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Posts Tagged ‘Mozart’

I have a fetish for lists, and anyone following this blog will know that it runs the risk of turning into a compendium of other people’s lists: “Greatest films… best books… tallest buildings…” I regret not buying a book I stumbled upon when I was doing the Christmas shopping called something like The World’s Top Ten. It was a lavishly illustrated hardback, very like the Guinness Book of Records, filled with nothing but lists of the ten biggest, best, smallest, quickest, oldest… whatever. It could have kept me blogging for decades.

757/767 Mechanical Checklist - Takeoff by Fly For Fun.

Mechanical checklist for flying

Anyway. The point of this post is to defend my fascination with lists. Oliver Burkeman has an article about the importance of making checklists – whether in cooking or in heart surgery:

The Checklist Manifesto, by the journalist and medic Atul Gawande, takes as its starting point the astonishing things that happen when hospital doctors are required to tick off items on checklists as they carry out routine but critical procedures. In one trial, the rate of infections from intravenous drips fell from 11% of all patients to zero simply because staff were compelled to work through a checklist of no-brainer items, such as washing their hands. Many doctors grumbled: it was more paperwork, it wasted time and it insulted their professional judgment by implying that they needed reminding of stuff they’d learned in the first month of medical school. But it worked. A more recent study, which included UK hospitals, suggested that wider use of checklists might prevent a staggering 40% of deaths during treatment. Airline pilots, of course, already rely heavily on them, but Gawande suggests checklists might have impressive effects if adopted throughout business, governance and beyond.

Besides, the stepwise structure of checklists has the salutary effect of narrowing your focus to the next action. When it comes to large undertakings, dwelling on the big picture can be paralysing, and a distraction from the next step, which is the only one you can ever actually take. As they say, I’m told, at Alcoholics Anonymous, where they preach it as a survival strategy, all you have to remember is to “do the next right thing”. Then the next, and the next, and the next.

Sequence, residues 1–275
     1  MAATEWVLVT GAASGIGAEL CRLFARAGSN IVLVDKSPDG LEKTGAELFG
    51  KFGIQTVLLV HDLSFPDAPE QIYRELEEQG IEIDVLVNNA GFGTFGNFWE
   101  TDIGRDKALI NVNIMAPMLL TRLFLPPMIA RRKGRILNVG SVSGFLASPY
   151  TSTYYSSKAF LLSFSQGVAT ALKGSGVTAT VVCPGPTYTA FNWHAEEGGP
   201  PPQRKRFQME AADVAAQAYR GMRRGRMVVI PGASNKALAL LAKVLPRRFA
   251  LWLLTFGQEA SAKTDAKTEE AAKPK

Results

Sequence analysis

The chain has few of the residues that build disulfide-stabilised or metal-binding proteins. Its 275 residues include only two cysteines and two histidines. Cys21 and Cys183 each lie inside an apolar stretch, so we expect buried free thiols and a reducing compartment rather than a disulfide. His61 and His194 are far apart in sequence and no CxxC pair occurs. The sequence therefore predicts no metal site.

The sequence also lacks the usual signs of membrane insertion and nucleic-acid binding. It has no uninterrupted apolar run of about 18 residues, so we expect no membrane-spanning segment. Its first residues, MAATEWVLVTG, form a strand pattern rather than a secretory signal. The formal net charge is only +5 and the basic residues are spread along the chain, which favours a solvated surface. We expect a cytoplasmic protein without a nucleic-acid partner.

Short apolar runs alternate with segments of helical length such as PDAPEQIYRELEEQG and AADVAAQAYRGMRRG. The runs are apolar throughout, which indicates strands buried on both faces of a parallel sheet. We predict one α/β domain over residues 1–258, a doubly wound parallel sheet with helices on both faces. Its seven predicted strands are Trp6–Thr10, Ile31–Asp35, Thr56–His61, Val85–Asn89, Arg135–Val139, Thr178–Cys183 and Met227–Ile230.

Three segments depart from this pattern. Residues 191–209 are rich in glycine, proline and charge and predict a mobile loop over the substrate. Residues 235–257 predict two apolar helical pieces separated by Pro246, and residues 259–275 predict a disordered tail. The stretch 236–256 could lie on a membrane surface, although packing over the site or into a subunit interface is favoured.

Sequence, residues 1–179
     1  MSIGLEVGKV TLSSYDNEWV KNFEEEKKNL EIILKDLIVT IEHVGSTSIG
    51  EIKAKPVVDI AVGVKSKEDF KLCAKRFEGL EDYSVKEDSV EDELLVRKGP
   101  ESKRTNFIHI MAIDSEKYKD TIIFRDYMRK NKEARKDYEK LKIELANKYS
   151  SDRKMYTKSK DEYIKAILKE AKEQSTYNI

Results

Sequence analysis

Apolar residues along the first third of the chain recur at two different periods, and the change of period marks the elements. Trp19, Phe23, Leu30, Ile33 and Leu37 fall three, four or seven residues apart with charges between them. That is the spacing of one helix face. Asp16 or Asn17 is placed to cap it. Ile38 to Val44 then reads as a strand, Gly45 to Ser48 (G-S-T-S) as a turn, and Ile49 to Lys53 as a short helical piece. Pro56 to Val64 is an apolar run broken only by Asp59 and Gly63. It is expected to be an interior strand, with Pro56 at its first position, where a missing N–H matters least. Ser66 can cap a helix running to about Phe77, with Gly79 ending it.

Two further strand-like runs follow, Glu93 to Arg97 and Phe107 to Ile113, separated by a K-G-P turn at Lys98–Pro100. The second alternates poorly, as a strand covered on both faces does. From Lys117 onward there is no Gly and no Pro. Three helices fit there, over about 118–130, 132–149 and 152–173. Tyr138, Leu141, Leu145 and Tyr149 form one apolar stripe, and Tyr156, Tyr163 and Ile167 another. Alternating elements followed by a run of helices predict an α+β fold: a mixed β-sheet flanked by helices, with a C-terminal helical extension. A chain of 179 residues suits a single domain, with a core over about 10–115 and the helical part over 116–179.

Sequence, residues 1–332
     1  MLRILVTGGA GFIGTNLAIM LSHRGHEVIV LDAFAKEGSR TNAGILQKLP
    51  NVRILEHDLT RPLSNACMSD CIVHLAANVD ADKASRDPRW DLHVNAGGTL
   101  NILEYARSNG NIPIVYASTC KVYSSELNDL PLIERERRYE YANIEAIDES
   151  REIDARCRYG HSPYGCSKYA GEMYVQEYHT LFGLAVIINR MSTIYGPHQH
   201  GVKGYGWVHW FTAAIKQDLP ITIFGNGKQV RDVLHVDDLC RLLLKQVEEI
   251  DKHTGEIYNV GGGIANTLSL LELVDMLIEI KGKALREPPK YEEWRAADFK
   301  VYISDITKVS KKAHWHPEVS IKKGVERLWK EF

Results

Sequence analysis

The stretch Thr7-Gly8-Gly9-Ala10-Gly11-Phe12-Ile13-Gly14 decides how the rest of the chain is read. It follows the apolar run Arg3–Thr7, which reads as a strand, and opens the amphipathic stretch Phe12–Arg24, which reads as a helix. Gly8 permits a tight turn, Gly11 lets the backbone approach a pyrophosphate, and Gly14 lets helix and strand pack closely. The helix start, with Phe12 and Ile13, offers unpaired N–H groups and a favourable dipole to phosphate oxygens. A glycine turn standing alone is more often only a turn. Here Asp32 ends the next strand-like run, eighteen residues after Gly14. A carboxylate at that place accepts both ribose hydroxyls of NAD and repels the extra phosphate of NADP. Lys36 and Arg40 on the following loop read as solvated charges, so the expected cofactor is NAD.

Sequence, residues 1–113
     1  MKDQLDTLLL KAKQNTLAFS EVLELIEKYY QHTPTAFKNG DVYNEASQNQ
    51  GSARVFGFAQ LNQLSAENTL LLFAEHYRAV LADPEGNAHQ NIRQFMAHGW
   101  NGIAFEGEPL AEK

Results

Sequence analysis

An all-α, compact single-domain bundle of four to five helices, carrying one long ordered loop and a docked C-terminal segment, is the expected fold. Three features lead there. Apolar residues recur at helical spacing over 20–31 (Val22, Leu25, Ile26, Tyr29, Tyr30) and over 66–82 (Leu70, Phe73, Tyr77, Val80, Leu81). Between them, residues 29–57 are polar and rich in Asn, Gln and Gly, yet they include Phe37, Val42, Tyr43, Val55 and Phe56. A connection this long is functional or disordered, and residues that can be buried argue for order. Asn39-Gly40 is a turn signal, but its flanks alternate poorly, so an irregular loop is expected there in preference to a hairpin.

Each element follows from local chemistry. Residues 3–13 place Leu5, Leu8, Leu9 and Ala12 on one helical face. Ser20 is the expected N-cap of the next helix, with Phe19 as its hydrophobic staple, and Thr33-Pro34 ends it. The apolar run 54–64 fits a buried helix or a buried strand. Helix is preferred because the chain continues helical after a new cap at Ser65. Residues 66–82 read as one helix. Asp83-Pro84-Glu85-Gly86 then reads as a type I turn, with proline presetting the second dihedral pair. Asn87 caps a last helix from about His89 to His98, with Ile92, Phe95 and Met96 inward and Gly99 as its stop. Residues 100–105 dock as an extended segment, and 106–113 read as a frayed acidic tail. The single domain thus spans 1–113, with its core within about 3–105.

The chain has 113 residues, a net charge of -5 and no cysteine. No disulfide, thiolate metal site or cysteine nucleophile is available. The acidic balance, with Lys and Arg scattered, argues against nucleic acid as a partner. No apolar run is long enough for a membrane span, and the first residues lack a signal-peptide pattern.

And just to go up an intellectual gear or two, Burkeman himself put me onto this wonderful interview with the Italian philosopher and novelist Umberto Eco, who believes that list-making is at the root of all human culture:

The list is the origin of culture. It’s part of the history of art and literature. What does culture want? To make infinity comprehensible. It also wants to create order — not always, but often. And how, as a human being, does one face infinity? How does one attempt to grasp the incomprehensible? Through lists, through catalogs, through collections in museums and through encyclopedias and dictionaries. There is an allure to enumerating how many women Don Giovanni slept with: It was 2,063, at least according to Mozart’s librettist, Lorenzo da Ponte. We also have completely practical lists — the shopping list, the will, the menu — that are also cultural achievements in their own right.

The list doesn’t destroy culture; it creates it. Wherever you look in cultural history, you will find lists. In fact, there is a dizzying array: lists of saints, armies and medicinal plants, or of treasures and book titles. Think of the nature collections of the 16th century. My novels, by the way, are full of lists.

At first, we think that a list is primitive and typical of very early cultures, which had no exact concept of the universe and were therefore limited to listing the characteristics they could name. But, in cultural history, the list has prevailed over and over again. It is by no means merely an expression of primitive cultures. A very clear image of the universe existed in the Middle Ages, and there were lists. A new worldview based on astronomy predominated in the Renaissance and the Baroque era. And there were lists. And the list is certainly prevalent in the postmodern age. It has an irresistible magic.